Saturday, May 25, 2013

Sarajevo Remembered

We recently endured a water crisis here in Montreal, where tap water was off limits for drinking for a little under two days. It reminded me of pictures I had seen of Sarajevo during the 1990s Balkan War, when people had to dodge bullets to reach the only water source in a certain area of town. Some of them didn’t make it.

Many people claimed to be surprised at the savagery of that war. I wasn’t totally surprised. While I have never visited Sarajevo, I was in Croatia and Serbia in 1989 for a meeting of the Society of American Travel Writers. Both Croatia and Serbia, historical enemies, were then part of Yugoslavia, as was Bosnia, whose capital is Sarajevo.

  Even the flight over, on JAT (called by some Joking about Time,) the national airline, gave us a preview that things might not be that great at our destination. One of our members asked a flight attendant for more ice for a drink, and the woman put her finger in the drink and said “That’s cold enough.”

Generally, though, we were welcomed with fine Balkan hospitality—several places in Serbia young girls dressed in red and white costumes and wearing headresses greeted us with the traditional bread and salt, and we had a good time in both Croatia and Serbia, soon to be at each other’s throats. However, our guides told us that there were many problems  in the country, not least hyper-inflation. We went to change money almost every day, and each time got more local currency for our dollars.

Yugoslavia was one of the relative success stories of the Communist system. It was quite prosperous, independent of Moscow, and had seemed to build a system that worked. Traditional ethnic hatreds were subsumed in the Yugoslav nationality, forged out of resistance to the Germans in World War II. I was impressed with the marble tomb of Josip Broz Tito, long time Communist leader of the country. He was a Croatian who built a country where Serbian influence dominated, but everybody seemed to get along fairly well. Until, with the fall of Communism throughout almost all of Eastern Europe by 1991, they didn’t.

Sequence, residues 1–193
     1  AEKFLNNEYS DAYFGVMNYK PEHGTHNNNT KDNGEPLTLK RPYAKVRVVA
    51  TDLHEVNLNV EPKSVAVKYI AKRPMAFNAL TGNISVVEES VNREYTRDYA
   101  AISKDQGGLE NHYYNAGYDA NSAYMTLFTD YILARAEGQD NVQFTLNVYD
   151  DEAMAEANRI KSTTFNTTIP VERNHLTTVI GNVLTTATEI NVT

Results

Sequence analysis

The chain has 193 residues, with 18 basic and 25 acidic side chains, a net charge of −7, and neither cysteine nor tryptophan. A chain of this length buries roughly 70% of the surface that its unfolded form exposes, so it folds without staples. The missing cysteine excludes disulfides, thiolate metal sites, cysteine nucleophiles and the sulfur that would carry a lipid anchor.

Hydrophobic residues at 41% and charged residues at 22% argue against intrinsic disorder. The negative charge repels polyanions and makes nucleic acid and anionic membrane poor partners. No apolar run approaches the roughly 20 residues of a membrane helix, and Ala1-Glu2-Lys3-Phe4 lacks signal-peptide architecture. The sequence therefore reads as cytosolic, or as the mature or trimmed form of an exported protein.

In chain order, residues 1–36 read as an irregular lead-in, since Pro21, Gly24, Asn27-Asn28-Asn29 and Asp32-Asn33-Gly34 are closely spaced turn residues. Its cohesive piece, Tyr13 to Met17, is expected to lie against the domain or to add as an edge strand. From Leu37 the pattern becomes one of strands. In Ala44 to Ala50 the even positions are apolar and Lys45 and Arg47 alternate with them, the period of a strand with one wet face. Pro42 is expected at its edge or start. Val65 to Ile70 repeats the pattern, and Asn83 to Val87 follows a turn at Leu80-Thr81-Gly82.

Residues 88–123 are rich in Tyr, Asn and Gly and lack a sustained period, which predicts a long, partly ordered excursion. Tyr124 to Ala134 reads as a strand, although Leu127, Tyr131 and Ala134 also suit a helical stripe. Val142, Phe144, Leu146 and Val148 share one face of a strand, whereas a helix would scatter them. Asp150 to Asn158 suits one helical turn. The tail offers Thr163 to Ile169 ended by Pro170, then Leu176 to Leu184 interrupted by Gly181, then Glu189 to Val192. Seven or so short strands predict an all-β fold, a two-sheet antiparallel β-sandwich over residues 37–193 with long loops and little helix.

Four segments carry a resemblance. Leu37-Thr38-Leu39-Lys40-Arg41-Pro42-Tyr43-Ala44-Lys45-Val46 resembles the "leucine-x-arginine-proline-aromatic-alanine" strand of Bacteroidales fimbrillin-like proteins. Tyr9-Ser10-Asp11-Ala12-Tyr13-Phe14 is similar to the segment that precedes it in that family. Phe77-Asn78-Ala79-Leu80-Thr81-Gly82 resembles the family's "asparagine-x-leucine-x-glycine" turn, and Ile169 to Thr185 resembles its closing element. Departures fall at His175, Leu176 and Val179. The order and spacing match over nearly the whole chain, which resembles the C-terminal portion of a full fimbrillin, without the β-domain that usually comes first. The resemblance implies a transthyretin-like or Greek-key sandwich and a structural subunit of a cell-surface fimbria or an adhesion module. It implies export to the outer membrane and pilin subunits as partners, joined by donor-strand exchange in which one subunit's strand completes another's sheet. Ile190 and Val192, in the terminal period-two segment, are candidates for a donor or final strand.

I am grateful I had a chance to see Yugoslavia while it existed. It was a great experiment, but one that eventually failed. I’m not sure the current patchwork of countries that succeeded Yugoslavia is working particularly well, but at least the shooting has stopped.

That is one of the great benefits of travel—it gives you a perspective on history and current events, an idea that there’s more to life than what is found at Walmart or on your smart phone.

And I didn’t even mention the critical part Sarajevo played in World War I. The assassination there in 1914 of the Archduke Franz Ferdinand and his wife led Austria to send an ultimatum to  Serbia. Because of the system of alliances that existed at that time, other countries began to mobilize and soon the world was at war.

Incidentally, if you visit the Kaiser Villa ( at Bad Ischl in the Salzkammergut region of Austria, you can see the ultimatum which Franz Joseph sent to Serbia, along with the pillow on which his beautiful wife Elizabeth died after being stabbed by an assassin in Geneva.


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